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Delayed ICU admission with community-acquired severe sepsis greatly increases mortality and resource use
Critical Care volume 15, Article number: P211 (2011)
While many severe sepsis (SS) patients go to the ICU on hospital admission, others with community-acquired infection (CAI) either progress to SS later in the hospitalization or are not considered severely ill on admission. The proportion of SS cases falling into these two groups is not known, and their outcomes are not well described.
We identified all adult hospitalizations in the 2008 Premier database that had an ICD-9-CM code for SS (995.92, 785.52), a CAI, and who entered the hospital through the ED (for example, not transferred from another hospital). Patients were characterized by the sequence of ICU and floor care, the number of antibiotic classes (AbxC) on day 1, and the duration of floor stay before ICU admission. We assessed resource use via length of stay (LOS) and total cost. We also examined hospital mortality.
The cohort included 33,059 discharges (49.1% male, mean age 69.0 years), of whom 17,690 (53.5%) were admitted to the ICU at hospital presentation. Mortality in direct to ICU subjects equaled 31.2%, and these patients had an average LOS of 12.0 days with a mean cost of $30,174, with only 22.8% given a single AbxC. Those admitted to the floor initially (46.5%) had a similar LOS (11.7 days) and mortality (31.1%) but had lower mean costs ($22,728) and nearly half (49.3%) had a single AbxC. Of these initial floor patients, those that were never admitted to the ICU (28.0% of all cases) had the shortest stay (7.6 days), lowest cost ($11,753), and lowest mortality (24.2%) with 44.3% receiving a single AbxC on day 1. Those starting on the floor and later transferred to the ICU (18.4% of all cases) had the longest stay (17.7 days), highest cost ($39,332) and highest mortality (41.5%), and were most likely to have a single AbxC on day 1 (56.8%). Even those admitted to the ICU after 1 day on the floor (3,179, 52.1% of delayed ICU cases) had higher mortality (36.0%) than those starting in the ICU (P < 0.0001). Mortality increased with longer delays before ICU admission (40.7%, for a 2-day delay (14.1% of delayed cases) and 50.3% for those with a 3-day or more delay (33.8% of delay cases)).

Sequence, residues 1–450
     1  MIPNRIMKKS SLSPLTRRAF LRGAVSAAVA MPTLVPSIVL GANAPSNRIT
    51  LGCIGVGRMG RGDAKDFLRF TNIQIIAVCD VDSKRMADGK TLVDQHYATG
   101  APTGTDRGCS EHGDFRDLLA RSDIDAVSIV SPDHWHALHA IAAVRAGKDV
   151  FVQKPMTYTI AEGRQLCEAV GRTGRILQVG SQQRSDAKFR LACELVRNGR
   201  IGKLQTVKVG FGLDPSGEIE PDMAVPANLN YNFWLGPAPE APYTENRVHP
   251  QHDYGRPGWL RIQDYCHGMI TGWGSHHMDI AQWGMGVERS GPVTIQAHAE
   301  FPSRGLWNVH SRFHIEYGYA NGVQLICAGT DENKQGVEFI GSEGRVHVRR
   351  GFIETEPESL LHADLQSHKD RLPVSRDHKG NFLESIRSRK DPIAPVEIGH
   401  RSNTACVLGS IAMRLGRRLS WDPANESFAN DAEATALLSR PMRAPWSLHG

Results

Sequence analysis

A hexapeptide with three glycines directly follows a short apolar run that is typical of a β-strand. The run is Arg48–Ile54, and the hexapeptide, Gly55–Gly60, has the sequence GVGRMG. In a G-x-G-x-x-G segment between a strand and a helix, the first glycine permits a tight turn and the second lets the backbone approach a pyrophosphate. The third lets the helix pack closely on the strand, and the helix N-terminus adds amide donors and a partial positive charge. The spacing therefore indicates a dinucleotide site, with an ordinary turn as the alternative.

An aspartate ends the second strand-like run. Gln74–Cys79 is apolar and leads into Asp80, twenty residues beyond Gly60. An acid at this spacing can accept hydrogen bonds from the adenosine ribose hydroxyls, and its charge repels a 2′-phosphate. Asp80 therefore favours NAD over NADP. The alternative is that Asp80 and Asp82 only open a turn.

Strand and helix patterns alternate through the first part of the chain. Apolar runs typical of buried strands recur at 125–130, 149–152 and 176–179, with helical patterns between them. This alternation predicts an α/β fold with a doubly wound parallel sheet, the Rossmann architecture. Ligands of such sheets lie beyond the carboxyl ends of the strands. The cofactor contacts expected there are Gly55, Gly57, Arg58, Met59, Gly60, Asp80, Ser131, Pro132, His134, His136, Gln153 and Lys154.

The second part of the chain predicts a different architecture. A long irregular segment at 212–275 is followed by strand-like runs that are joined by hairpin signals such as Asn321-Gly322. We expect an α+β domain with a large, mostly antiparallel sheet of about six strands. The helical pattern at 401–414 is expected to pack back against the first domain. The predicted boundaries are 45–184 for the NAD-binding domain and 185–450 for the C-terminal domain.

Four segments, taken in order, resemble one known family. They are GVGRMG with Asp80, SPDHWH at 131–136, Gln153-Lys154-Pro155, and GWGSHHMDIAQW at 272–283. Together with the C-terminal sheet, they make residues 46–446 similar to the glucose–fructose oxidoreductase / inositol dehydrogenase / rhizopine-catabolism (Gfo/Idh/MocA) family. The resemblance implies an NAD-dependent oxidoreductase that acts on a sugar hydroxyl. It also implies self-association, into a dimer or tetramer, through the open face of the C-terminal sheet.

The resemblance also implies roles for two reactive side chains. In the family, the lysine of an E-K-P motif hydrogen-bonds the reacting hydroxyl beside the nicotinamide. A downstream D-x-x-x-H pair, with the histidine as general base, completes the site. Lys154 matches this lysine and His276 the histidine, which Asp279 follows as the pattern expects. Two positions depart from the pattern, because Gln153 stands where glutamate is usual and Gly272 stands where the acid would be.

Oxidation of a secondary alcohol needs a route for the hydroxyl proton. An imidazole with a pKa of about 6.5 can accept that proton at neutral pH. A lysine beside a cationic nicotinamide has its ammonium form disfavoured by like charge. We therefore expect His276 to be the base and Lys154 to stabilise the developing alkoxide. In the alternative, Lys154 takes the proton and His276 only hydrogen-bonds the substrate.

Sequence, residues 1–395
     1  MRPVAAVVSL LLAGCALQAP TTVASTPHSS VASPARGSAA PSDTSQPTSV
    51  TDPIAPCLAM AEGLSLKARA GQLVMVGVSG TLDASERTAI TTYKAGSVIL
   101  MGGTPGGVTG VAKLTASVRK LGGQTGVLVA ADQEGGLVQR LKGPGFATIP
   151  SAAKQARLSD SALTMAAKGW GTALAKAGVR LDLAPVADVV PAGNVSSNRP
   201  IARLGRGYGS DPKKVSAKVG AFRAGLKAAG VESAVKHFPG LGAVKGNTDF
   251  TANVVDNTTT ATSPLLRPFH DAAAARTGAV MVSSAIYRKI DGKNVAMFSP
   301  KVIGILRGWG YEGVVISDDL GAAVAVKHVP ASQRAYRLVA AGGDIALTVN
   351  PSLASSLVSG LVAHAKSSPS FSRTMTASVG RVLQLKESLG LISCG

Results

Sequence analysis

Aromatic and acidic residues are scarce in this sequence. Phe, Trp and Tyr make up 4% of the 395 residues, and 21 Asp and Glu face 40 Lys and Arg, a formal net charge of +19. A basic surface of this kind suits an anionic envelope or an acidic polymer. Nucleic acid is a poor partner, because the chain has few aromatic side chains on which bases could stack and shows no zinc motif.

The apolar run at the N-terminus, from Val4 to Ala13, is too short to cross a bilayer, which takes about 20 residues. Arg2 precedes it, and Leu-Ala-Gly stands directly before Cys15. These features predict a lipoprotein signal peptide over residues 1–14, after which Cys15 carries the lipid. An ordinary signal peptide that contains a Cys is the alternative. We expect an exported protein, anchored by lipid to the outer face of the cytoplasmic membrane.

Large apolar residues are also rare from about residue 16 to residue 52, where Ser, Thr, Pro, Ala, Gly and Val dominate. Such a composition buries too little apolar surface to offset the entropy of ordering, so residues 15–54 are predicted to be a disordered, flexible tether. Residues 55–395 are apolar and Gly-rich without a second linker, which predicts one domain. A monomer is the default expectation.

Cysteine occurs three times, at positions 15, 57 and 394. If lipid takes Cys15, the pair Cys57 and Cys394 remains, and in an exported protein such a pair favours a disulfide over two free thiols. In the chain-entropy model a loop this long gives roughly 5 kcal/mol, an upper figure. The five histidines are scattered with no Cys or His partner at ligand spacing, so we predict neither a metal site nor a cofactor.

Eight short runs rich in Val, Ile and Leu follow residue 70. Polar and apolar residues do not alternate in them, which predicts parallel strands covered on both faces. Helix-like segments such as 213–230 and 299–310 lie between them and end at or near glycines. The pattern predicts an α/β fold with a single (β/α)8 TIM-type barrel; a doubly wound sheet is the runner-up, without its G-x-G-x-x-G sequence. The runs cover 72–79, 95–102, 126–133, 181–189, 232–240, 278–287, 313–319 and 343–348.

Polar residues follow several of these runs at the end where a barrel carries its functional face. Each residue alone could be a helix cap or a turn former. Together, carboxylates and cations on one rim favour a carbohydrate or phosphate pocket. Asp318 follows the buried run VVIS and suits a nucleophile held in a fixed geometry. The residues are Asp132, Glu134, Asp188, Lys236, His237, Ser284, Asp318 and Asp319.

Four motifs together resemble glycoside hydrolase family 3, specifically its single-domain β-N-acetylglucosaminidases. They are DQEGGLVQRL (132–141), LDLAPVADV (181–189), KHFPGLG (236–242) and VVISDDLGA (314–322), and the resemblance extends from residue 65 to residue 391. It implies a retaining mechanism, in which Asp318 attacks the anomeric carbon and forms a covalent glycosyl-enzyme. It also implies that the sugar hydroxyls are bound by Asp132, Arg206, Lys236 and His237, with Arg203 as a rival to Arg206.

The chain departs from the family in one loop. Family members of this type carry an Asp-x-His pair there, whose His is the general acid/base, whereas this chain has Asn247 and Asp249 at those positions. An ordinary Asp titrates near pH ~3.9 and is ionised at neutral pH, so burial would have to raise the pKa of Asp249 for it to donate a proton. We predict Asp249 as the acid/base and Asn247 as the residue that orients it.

SS patients with CAI admitted to the floor and later transferred to the ICU are a major fraction of all SS cases and have the worst outcomes. While many may have developed organ dysfunctions later in the hospitalization, nearly two-thirds were admitted to the ICU after just 1 or 2 days on the ward, indicating that they may have been mis-triaged. Interventions to better identify and aggressively treat these cases may improve outcomes.
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Shorr, A., Choe, Y. & Linde-Zwirble, W. Delayed ICU admission with community-acquired severe sepsis greatly increases mortality and resource use. Crit Care 15, P211 (2011). https://doi.org/10.1186/cc9631
- Severe Sepsis
- Hospital Mortality
- Short Stay
- Longe Stay
- Antibiotic Classis